All those gleaming gifts sitting under the Christmas tree? It’s very likely they came into Australia inside one of the 20-foot (six-metre) metal boxes on which the global shipping industry is built.
A remarkable 1,503,252 of these standard-sized containers, chock-full of goods, arrived at the Port of Melbourne in the year to June – 32 per cent more than came into the port a decade ago.
On the flipside, 721,361 of them shipped out full of nothing but air – 89 per cent more than a decade ago.
Andrew Coldrey, vice-president for the Asia Pacific region of global logistics firm CH Robinson, in front of stacks of empty shipping containers at the port.Credit:Eddie Jim
Containers are also hanging around, being stored, moved, and then moved again, before they make it back to a ship. Importers can’t get them back to the shipping lines that own them fast enough to avoid being penalised. And the penalties are mounting, hitting tens of millions of dollars each year.
Andrew Coldrey, vice president for the Asia Pacific region of global logistics firm C.H. Robinson, said: “The average time you get is seven days from the time the container is ready to be picked up to the time you have to unpack it and return it.”
Hold onto that metal box longer than that and the “detention fees” start mounting: $100 after the first week the container isn’t returned, and up to $195 once it is more than three weeks late.
Trucking companies are so short of drivers and the city’s empty-container parks are so choked that the Australian Competition and Consumer Commission is warning that Australian cargo owners don’t have adequate protection from shipping lines charging “unreasonable detention fees”. Those fees, the ACCC said, were harming cargo owners and consumers.
Melbourne’s more than a dozen empty-container parks, dotted around the port and the city’s industrial west, can hold up to 100,000 of the six metre-long boxes. Mostly, they are over capacity.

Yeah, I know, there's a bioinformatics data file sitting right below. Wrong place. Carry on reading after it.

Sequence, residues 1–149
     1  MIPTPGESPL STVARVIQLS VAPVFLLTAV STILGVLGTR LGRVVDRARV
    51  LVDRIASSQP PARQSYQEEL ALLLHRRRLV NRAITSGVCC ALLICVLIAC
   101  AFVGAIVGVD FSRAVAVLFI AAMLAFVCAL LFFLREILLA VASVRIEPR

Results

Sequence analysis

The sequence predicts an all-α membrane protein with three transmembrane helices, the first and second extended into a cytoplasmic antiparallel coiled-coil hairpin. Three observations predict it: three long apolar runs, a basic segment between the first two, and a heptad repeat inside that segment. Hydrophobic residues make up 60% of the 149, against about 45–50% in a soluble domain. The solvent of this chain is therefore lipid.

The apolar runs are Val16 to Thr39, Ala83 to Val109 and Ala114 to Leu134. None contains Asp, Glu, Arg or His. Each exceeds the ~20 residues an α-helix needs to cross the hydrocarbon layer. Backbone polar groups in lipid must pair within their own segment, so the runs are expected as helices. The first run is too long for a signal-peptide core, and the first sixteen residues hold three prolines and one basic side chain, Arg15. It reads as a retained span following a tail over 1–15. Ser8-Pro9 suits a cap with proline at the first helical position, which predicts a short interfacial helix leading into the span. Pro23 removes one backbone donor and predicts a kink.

Coldrey said: “It’s happening a lot more, in both Melbourne and Sydney, that truckers will try to return containers and the parks are full, so they get turned away.”
It means another trip is created for that container, with the truck driver bringing it back to their yard and trying again to return it the next day. On top of detention fees, the extra trucking adds costs for importers – and congestion to the roads and pollution to the air.
C.H. Robinson has created a container management system that it is working with customers to introduce, aiming to help importers cut storage costs and see precisely when a container can be returned.
“The planning you need now for dealing with empty containers is far more critical because there is a massive cost impact if you don’t get it right,” Coldrey said.
Neil Chambers, of the Container Transport Alliance Australia, which represents businesses moving goods, said shipping lines were too often charging customers detention fees when they were unable to access the containers.
Shipping lines start the clock ticking on detention fees from the day the container arrives in Australia.
“The box might come off a ship today, but it won’t be made physically available to the importer and their transport operator for perhaps two days,” Chambers said. “I physically can’t go and get that container.”
Victorian Transport Association chief executive Peter Anderson said reducing detention fees had become a major issue in the industry.
Even though global shipping congestion is easing from the peaks seen during the pandemic, the supply chain has been badly disrupted.
“It’s going to take a long time to get back to normality,” Anderson said.
Meanwhile, Anderson says, importers are being unfairly hit.
“If I want to hire a container for three months to move my goods around the world, it costs me $2 a day,” he said. “But I’m a day late returning it and I start getting hit by the shipping lines with these huge penalties. It’s leading to higher costs for all Australians.”
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